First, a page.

4 Bangalore homes that are modern works of art

4 Bangalore homes that are modern works of art

4 Bangalore homes that are modern works of art

Residences by TaP Design Inc., Treelight Design, FADD Studio, and Shernavaz Interiors that creatively use art, patterns and textures to craft stylish urban pads

A Bangalore Home With Earthy Textures and Jewel Tones

A globetrotting couple wanted a home with a calm, minimalist vibe, with plenty of comforts—an ideal place to retire to at the end of the day. To design their Bangalore home, they approached TaP Design Inc. co-founders Iesha Parekh Shellugar and Sneha Talati, and the two with their creative cartridge loaded filled the home with earthy textures, Botticino and grey tundra marble, patterned tiles, and pinewood and cement finishes. “The home has a perfectly glocalised design ethos,” says Talati.

The living room sports elegant materials, with wood, cane, marble, metal, leather and soft fabrics. Dove grey wall panels serve as a backdrop to the seating layout, which is zoned by a tufted, bottle green sofa from Simply Sofas. “Customised tables and accents from Magari enrich the recesses, while a mammoth handmade rug from Carpet Kingdom provides a tactile underpinning layer,” shares Parekh Shellugar.

Silvery mirrors and hushed grey panels cocoon the dining room like a smoky, shimmery veil. From the heart of the room, rises a dining table, “painstakingly curated for the dining space, with assistance from Simply Sofas,” says Talati. The straight lines and angular base of the table are fittingly tamed by custom-designed upholstered chairs from Magari. The wallpaper and sleek mirror panels breathe quiet sophistication.

A Monochrome Penthouse That Turns Art into Functional Decor

Perched on the 17th floor of a high rise, this 4,000-square-feet penthouse is home to a young couple. The idea behind the design was to create a space that evokes the senses. “We wanted to design a home with art pieces that draw the eye to a monochromatic yet rich, textural base with each room glorifying a different 19th to 20th century artist, be it painters or sculptors,” says the principal architect, Amitha Madan of Treelight Design. And so, Helen Frankenthaler’s rich colours, Franz Kline’s textural lines, Piet Mondrian’s geometry, Jackson Pollock’s coloured strokes were some of the reference points that were translated into different elements throughout the home.

The focal point in the living room is the sofa that Madan describes as “edible.” The sculptural piece inspired by Bellini’s iconic Camaleonda is by Magari Furniture, Bangalore and is set against an exposed concrete staircase. The upper floor houses a cosy lounge area. The space features comfortable, low seating and a hand-painted ceiling inspired by Jackson Pollock. There’s also a wooden coffee table that is embellished with black metallic studs which add texture and an edge to the piece. The master bedroom has large floor-to-ceiling windows that are balanced with a Mondrianesque pattern using different fabrics.

A Contemporary Home That’s a Playground for Patterns and Textures

Farah Ahmed and Dhaval Shellugar of FADD Studio gave this 7,500-square-feet residence in Yemlur, Bangalore, a crisp new identity, the interiors reflecting contemporary aesthetics peppered with classical highlights. Soft curving forms counterbalance stark, straight lines, soft furnishings are rendered in subtle, complementing shades and surfaces are enriched with intricate patterns and textures.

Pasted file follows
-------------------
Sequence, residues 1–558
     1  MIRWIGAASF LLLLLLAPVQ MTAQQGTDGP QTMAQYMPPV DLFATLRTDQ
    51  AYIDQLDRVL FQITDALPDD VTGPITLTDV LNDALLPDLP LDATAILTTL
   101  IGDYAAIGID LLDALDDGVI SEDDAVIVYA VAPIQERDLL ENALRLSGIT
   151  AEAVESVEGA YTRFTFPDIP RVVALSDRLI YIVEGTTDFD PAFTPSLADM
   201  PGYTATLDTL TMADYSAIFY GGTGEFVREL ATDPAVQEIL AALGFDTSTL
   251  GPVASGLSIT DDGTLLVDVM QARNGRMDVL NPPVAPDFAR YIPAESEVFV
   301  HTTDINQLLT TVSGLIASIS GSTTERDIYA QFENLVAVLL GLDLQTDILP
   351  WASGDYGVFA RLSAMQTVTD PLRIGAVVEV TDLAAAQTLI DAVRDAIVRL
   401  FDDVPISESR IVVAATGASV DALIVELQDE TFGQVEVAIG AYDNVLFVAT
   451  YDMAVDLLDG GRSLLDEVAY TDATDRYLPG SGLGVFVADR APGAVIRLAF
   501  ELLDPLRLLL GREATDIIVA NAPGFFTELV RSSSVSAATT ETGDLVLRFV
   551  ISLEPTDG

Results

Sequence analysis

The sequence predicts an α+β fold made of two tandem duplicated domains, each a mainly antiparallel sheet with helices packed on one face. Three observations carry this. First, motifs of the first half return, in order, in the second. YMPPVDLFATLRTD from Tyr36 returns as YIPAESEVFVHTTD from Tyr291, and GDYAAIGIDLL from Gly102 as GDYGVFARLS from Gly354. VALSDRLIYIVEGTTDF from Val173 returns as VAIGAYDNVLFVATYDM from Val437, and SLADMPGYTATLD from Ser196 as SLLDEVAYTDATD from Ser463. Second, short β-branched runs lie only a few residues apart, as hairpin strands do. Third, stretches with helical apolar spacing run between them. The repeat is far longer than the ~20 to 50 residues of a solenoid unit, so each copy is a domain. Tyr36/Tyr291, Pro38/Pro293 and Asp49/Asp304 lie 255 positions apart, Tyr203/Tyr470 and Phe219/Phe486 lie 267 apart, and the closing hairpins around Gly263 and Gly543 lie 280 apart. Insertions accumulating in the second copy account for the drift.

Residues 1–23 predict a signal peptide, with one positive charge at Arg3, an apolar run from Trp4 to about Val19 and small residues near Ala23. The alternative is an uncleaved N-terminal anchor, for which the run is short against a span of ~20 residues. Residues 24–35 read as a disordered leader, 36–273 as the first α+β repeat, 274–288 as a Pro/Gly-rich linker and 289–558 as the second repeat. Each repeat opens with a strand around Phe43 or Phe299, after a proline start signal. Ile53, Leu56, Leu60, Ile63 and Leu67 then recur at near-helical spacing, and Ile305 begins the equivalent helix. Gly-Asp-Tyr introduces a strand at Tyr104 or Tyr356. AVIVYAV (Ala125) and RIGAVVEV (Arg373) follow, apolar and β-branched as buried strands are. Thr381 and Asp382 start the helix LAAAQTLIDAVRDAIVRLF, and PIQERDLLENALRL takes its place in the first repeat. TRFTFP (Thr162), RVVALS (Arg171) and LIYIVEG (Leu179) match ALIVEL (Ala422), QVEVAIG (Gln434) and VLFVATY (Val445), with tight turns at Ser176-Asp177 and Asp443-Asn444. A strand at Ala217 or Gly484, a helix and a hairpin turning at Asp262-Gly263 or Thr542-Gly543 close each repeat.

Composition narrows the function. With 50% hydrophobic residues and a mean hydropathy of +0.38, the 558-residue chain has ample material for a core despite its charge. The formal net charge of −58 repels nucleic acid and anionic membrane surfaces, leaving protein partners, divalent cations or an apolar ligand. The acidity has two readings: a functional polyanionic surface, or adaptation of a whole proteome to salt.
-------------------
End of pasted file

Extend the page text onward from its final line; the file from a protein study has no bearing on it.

Marble lines of the flooring and the deep, linear projections from the ceiling act as a visual cue, guiding one from the foyer towards the lobby. These marble lines go on to form an arresting pattern inspired by a vintage rug photograph from the Claridge’s Hotel in London. The linear projections above curve effortlessly into a graceful form that loosely mimic the patterns below but are kept devoid of intricacies, the articulation of both creating a dramatic gesture.

Natural light streaming in through large windows and a pristine white backdrop further augment the sense of spaciousness in the open living room. The seating arrangement is conceived around a centre table by DeMuro Das while a hanging light from Arjun Rathi graces the corner. A print by Shahid Datawala framed on the wall injects a hint of quirkiness within the space.

A Parisian-Style Nest Abode a Family Bungalow

This phenomenon of transforming light served as the cue for Shernavaz Bharucha when it came to designing a couple’s two-bedroom nest in the Garden City. Perhaps it’s the piano-key marble tiles that inspire harmony across the foyer, or the classic mouldings punctuated with large mirrors, but there’s something about the foyer that reminisces, ever so slightly, a black-and-white, silent-movie-era Paris of decades past. An artwork lends a pop of colour to the muted monochrome, while a sculptural chandelier by Aura blossoms from the ceiling.

In the formal living room, indigo and white cut a stoic, yet sophisticated presence, leaving no room for pomp or whimsy. Sofas by Goodlines anchor the seating area, while an elevator void masquerades fittingly as a spectacular art exhibit. “Smack dab in the middle of the room, the void was dull and ugly. We decided to take advantage of its location and turn it into a focal point with wall panelling and a special objet d’art. It now hosts a mosaic mirror sculpture by Yehil Cherain, a noted Parisian artist,” says Bharucha.